“People with a binge eating disorder lose control of their life to food. Instead of eating for life, their life centers on eating. The urge to eat becomes strong enough that it blocks rational thought. The best laid goals are disregarded, and the focus becomes food. Those suffering from a binge eating disorder gorge themselves on a regular basis, and this behavior leads to feelings of shame and embarrassment. As part of a cycle, they follow binging with renewed promises to change their ways. However, the compulsion to eat does not go away and their good intentions are not enough to help them overcome their eating disorder.”
BED is a silent struggle that many face on a daily basis. I know. I struggled with it for 5 years. I hope that by writing this and sharing my story, that it will help someone who is going through the same thing. What exactly is BED? Why is it not talked about? What did I do to overcome it? Read below to find out.
What is BED (Binge Eating Disorder) and how do I know if I have it?
Binge eating disorder is characterized bycompulsive overeating in which people consume huge amounts of food while feeling out of control and powerless to stop. The symptoms of binge eating disorder usually begin in late adolescence or early adulthood, often after a major diet. A binge eating episode typically lasts around two hours, but some people binge on and off all day long. Binge eaters often eat even when they’re not hungry and continue eating long after they’re full. They may also gorge themselves as fast as they can while barely registering what they’re eating or tasting. The key features of binge eating disorder are:
- Frequent episodes of uncontrollable binge eating.
- Feeling extremely distressed or upset during or after bingeing.
- Unlike bulimia, there are no regular attempts to “make up” for the binges through vomiting, fasting, or over-exercising.
People with binge eating disorder struggle with feelings of guilt, disgust, and depression. They worry about what the compulsive eating will do to their bodies and beat themselves up for their lack of self-control. They desperately want to stop binge eating, but feel like they can’t.
What are the signs and symptoms of BED?
You may have no obvious physical signs or symptoms when you have binge-eating disorder. You may be overweight or obese, or you may be at a normal weight. However, you likely have numerous behavioral and emotional signs and symptoms, such as:
- Eating unusually large amounts of food
- Eating even when you’re full or not hungry
- Eating rapidly during binge episodes
- Eating until you’re uncomfortably full
- Frequently eating alone
- Feeling that your eating behavior is out of control
- Feeling depressed, disgusted, ashamed, guilty or upset about your eating
- Experiencing depression and anxiety
- Feeling isolated and having difficulty talking about your feelings
- Frequently dieting, possibly without weight loss
- Losing and gaining weight repeatedly, also called yo-yo dieting
After a binge, you may try to diet or eat normal meals. But restricting your eating may simply lead to more binge eating, creating a vicious cycle.
BED for me started when I first started dieting back in 2008. I would eat ‘clean foods’ and restrict calories on a daily basis, then when I wanted to have a ‘treat’ it always spiraled out of control. I couldn’t just have a piece of chocolate and put the rest in the fridge to eat at a later time. I would inhale the whole 500g block within 10 minutes. Even when you are full, you can’t stop. It is hard to describe. You cant control yourself or tell yourself to stop. You just have an impulsive urge to eat, and eat, and eat, even when you are stuffed.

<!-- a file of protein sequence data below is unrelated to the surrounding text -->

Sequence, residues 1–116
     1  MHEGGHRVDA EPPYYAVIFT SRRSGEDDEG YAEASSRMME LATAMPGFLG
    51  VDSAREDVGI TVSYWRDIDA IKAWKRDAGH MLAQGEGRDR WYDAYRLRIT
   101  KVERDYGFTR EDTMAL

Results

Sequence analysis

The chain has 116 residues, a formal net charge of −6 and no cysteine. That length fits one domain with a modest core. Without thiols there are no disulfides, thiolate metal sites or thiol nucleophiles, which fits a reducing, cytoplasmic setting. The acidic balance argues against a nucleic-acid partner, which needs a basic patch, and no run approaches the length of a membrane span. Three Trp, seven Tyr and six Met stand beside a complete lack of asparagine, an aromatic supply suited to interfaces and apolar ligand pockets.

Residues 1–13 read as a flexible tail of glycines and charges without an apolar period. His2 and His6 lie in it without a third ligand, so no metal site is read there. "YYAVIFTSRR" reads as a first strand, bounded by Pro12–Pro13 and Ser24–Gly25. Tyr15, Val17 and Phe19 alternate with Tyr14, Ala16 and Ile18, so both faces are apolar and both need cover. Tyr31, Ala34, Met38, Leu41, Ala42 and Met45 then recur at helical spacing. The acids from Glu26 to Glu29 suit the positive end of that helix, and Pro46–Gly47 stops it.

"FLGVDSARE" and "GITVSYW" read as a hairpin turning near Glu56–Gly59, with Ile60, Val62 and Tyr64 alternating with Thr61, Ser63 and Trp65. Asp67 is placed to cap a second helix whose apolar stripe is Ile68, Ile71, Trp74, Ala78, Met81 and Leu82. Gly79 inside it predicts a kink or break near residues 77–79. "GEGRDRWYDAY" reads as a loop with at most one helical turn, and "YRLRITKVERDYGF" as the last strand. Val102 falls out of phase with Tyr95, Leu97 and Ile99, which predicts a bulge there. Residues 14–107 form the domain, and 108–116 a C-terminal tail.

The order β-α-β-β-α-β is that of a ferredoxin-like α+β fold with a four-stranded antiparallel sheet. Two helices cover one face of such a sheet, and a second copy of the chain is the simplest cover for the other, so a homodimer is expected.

Because I would have consumed a massive amount of sugar, of course I would crave more so I would take a trip to the shops late at night, buy large amounts of junk food (usually chocolate, cake and lollies), and sit in my car in the parking lot and eat as much as I possibly could to the point that I felt sick.
One night last summer I was sitting in the grocery store carpark at 8.30pm stuffing my face with wonkas raspberry twists and a bag of mini milky ways. I just happened to look up at a lady sitting in a car across from me and I noticed that she was doing the same thing. That was the first time I actually stopped and thought ‘what the hell am I doing?!’. It had to stop.
Once I got home, I started doing research to find ways to overcome the binging. Up until that point I thought it was normal and just what people did when dieting, apparently it isnt. Overcoming it wasn’t easy, and it has taken a good 6 months to start eating like a normal person again and have a normal relationship with food. Thankfully I never got the depression or anxiety, but I did often feel guilty and would restrict my calories for a week until I had another ‘episode’. This routine caused a bad yo-yo dieting effect.
BED is fairly common, affecting 1 in 35 adult females. I am sure there are people out there that are suffering with it, but have no idea it is even a disorder, or what they can do to change it. I am hoping that by writing this that it will help someone to overcome it and know that they are not alone.
How do I know if I have BED?
Ask yourself the following questions. The more “yes” answers, the more likely it is that you have binge eating disorder.
- Do you feel out of control when you’re eating?
- Do you think about food all the time?
- Do you eat in secret?
- Do you eat until you feel sick?
- Do you eat to escape from worries, relieve stress, or to comfort yourself?
- Do you feel disgusted or ashamed after eating?
- Do you feel powerless to stop eating, even though you want to?
See Part 2 here.